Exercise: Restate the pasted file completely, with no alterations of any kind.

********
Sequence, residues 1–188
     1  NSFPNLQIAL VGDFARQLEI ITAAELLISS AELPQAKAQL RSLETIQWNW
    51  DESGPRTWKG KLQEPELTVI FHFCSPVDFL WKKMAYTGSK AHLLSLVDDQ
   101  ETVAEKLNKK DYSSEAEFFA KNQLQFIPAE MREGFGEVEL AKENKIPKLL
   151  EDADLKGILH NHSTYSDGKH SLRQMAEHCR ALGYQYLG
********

Sequence, residues 1–188
     1  NSFPNLQIAL VGDFARQLEI ITAAELLISS AELPQAKAQL RSLETIQWNW
    51  DESGPRTWKG KLQEPELTVI FHFCSPVDFL WKKMAYTGSK AHLLSLVDDQ
   101  ETVAEKLNKK DYSSEAEFFA KNQLQFIPAE MREGFGEVEL AKENKIPKLL
   151  EDADLKGILH NHSTYSDGKH SLRQMAEHCR ALGYQYLG